No link came through here! What list is this?
  • Dave's "displeased when" categories for Delve, however, could be used to connect a quirk like this to Emotions. You can take it further by connecting the quirks to character-relevant or plot-relevant details. By saying "I twirl my moustache when I'm hiding something", I add a characterization device which may help construct Social interactions, reveal Emotional play, on top of the benefits to Performance.
    Great point! "Twirls mustache" is a bit of a waste of a moment of performance if the performance gives you literally nothing beyond that visual detail. It's probably preferable to twirl our mustache when we're looking down on someone, as a way to express the character's emotions, attitude & worldview (if the context makes "looking down on this person" relevant, that is).

    I wonder if it'd be viable to take a system which already covers how the character thinks/feels about certain events/situations, and then ask them, "So when that thought/feeling is evoked, how does that manifest in your behavior?"

    In Delve, the combo of "displeased when" and "shows displeasure by" led to some interesting choices. A lot of the latter were fairly understated, allowing for a more nuanced characterization, while the audience knowing the reason behind it made it still communicate something.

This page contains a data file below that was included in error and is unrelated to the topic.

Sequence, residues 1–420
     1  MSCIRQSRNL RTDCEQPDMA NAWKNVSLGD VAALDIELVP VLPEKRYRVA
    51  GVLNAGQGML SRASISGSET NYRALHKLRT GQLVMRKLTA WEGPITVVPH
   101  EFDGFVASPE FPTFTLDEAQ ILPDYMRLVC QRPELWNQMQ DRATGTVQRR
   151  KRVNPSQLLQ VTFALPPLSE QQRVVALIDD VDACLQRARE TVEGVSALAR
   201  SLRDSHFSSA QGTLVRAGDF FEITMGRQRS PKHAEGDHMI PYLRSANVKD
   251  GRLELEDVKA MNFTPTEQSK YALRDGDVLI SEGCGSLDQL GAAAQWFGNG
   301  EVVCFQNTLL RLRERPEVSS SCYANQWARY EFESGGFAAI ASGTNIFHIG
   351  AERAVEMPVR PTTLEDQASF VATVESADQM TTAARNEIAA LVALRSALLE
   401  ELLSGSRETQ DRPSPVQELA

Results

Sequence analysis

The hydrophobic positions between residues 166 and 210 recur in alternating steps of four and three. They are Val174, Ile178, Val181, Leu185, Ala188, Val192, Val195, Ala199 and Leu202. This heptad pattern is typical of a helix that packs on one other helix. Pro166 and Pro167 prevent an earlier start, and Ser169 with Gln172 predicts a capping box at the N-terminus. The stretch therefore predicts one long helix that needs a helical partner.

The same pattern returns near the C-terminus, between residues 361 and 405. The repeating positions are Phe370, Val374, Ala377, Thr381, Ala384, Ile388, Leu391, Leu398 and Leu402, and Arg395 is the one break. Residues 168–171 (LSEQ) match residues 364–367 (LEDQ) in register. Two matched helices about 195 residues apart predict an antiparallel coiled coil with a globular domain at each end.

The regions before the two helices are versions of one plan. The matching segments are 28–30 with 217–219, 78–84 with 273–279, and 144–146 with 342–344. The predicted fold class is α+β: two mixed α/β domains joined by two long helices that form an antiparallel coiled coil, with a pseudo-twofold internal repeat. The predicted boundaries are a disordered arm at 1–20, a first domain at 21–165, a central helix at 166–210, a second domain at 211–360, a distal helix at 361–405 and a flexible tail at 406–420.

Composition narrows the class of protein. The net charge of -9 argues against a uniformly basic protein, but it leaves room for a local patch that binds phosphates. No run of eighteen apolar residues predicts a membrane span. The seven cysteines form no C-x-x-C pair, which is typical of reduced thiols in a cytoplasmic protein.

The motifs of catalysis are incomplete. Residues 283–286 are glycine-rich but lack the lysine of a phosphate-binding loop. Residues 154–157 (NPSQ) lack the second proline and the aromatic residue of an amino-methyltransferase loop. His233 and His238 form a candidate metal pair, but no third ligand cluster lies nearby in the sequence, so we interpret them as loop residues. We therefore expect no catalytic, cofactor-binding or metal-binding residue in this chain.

To be honest, I've seen very little "do the 'shows displeasure by' action on the sheet" play, but I've seen a little, and I've definitely seen that style of subtle-but-present characterization inform play. Delve is more a "Goals" than "Performance" game anyway, so the upside in that context may be limited.
  • Yes, I would imagine that the goal-oriented nature of play there would often override characterization concerns. (It certainly did when we played, anyway!)
  • That mechanism also sounds like a great way to get character facets into actual play. (FWIW I agree with WM that tracking it end-of-session seems preferable to in-the-moment.)